Certification of the documents for foreign countries
Through the apostilled translation (translation certified through the application of the Apostille), the documents acquire legal value in foreign countries. It is valid for all the nations that participate in the Apostille Convention (Hague Treaty Convention 12) of 5 October 1961 (The list of the countries is available here: https://www.hcch.net/en/states/hcch-members).
How to proceed:
A specific seal – internationally recognized – is stamped to certify the validity of the documents and the quality of the jurisdictional body that signed the report of record during the asseveration stage. This process eases the requirements of the standard procedure and prevents the Consul or Representative of the Embassy to be involved in completing the certification.
HAGUE TREATY CONVENTION of 5 October 1961
BRUSSELS CONVENTION of 25 May 1987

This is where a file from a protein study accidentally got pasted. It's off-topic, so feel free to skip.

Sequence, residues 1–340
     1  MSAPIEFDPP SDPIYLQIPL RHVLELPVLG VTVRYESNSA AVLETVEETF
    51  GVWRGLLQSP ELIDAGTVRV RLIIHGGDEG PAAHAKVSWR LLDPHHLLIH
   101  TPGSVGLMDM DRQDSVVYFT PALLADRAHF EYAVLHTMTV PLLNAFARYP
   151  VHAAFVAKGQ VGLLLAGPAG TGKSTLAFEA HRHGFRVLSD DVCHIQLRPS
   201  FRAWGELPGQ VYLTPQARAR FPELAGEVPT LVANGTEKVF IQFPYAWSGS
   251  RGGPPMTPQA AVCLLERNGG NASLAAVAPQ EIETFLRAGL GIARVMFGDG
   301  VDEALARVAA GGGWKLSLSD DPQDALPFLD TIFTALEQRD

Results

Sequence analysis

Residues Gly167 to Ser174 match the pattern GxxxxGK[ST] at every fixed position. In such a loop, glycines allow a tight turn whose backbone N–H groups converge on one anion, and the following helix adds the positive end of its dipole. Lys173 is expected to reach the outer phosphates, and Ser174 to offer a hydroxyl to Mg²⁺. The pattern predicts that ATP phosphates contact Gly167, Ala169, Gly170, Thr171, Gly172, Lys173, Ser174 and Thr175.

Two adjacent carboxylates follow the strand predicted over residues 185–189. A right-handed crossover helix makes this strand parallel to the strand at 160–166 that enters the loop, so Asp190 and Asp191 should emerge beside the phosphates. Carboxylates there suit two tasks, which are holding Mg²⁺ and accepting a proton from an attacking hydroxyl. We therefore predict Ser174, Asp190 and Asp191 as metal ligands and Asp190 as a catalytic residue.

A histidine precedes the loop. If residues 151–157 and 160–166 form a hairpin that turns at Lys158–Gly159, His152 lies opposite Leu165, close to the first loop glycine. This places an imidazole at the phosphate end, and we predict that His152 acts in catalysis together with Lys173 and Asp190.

Assuming that it is needed to provide for carrying out a sworn translation of the documents appointing a qualified translator, there are two options to proceed with the standard certification in the foreign Countries:
1. The certification of a Notarial deed in a foreign country that does not adhere to any international convention requires two steps: firstly, the documents must be certified at the Procura della Repubblica, and secondly, at the Consulate of the target country.
1. The certification of documents to be used in a foreign country that does adhere to the Hague Treaty Convention of 5 October 1961 requires a single step: the documents must be certified at the Procura della Repubblica.
For the application of the Apostille is required a step at the Procura della Repubblica.
Whereas, the Brussels Convention of 25 May 1987 provides for a simplified procedure through the exemption from any certification or other equivalent or similar process (e.g., the Apostille).
Therefore, an Italian Notarial deed is legally valid in one of the foreign countries taking part in the convention, and it is sufficient for the Notary to put their signature and stamp their seal.
These are the Countries that adhere to the Convention: Italy, Belgium, Denmark, France, Ireland, Latvia, and Estonia.